Some of the drugs interrupt the process of mitosis (cell division) – by either ‘getting in the way’ of the DNA as it breaks apart and then comes back together, or by stopping it breaking apart at all. Some ‘mark’ the cell so that the body’s own defences attack it. Others trigger the process of apoptosis - cell death - causing the cell to implode. They have also added an accelerant (in this case, a steroid) to make the whole process work faster. And they design the drugs to only work on the fast-growing cells in the body, which cancer definitely is. All of this is orchestrated to work in unison as different weapons for a common foe.
This isn’t indiscriminate poisoning, this is tomahawk missile-like targeting of the enemy base.
The origins of the drugs themselves vary also, in interesting ways – some are the results of experiments with mustard gas in World War II, one is derived from the wild mandrake plant (which I though was made up for Harry Potter, but is a real thing) and another came about after botanists noticed a red clay from a particular castle in the south of Italy seemed to kill local wildlife.
As good as all this is, it’s still not enough. The side effects of chemotherapy can be severe, as the drugs attack other fast-growing cells in the body. For some patients, this impact is too great, and they can’t tolerate treatment. Again, like the military, the search is always on for better treatments.
New Zealand is at the forefront of this work, with Kiwis working on cancer research and looking for cures and for better treatments. Professor Mike Berridge of the Malaghan Institute in Auckland, and his team do research into cancer cell energy metabolism and gene transfer. Berridge recently showed through his research that at least some sorts of cancer cells transfer information between cells using mitochondrial DNA (mtDNA) and if blocked, tumours don’t develop.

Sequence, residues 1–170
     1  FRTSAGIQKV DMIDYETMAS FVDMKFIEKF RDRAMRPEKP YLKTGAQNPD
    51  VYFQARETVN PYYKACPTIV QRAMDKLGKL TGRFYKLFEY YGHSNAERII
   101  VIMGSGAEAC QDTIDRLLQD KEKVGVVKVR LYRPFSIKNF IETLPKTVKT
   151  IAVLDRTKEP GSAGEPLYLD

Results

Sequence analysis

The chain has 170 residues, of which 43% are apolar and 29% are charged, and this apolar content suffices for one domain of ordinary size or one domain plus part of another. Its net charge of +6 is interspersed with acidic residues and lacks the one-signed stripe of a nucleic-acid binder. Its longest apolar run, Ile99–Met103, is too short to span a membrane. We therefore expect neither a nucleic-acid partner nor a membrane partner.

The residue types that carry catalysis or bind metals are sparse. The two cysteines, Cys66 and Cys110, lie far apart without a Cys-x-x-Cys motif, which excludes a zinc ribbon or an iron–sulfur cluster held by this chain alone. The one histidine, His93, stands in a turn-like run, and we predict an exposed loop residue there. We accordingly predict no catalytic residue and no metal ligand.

The mtDNA sits outside the core nucleus of the cell and only has 37 genes, as opposed to the tens of thousands in the main DNA of the nucleus. Mitochondria are the powerhouse of the cell, controlling most of the cell’s energy as well as its growth and death, and up until now scientists had believed that these genes stayed within cells, except during reproduction. It now seems that they can move between cells, and that this process is required for the growth of some sorts of cancer.
This previously unknown phenomenon is a major breakthrough. It opens up new areas of research and new therapies, utilising the new knowledge. Interrupting the cell messaging pathways is a yet-more targeted way of attacking cancer and while it’s not mainstream medicine yet, it shows great promise of becoming another advanced weapon in the medical arsenal for attacking a common enemy: cancer.
In the meantime, the trusty missiles of the current generation of weaponry seem to be doing a great job fighting my particular tumour. Notwithstanding the ‘collateral damage’ to my hair follicles, my particular tumour foe is being battled into submission by the targeted DA-EPOCH-R missiles my amazing doctors keep firing at it. Like the second Gulf War, it’s not quite mission accomplished, but it’s getting close.
David is a regular contributor to Idealog, currently battling cancer and preparing for the release of the upcoming book he has written with Dr Michelle Dickinson on New Zealand Technology called ‘No.8 Recharged’, to be published by Penguin books later this year.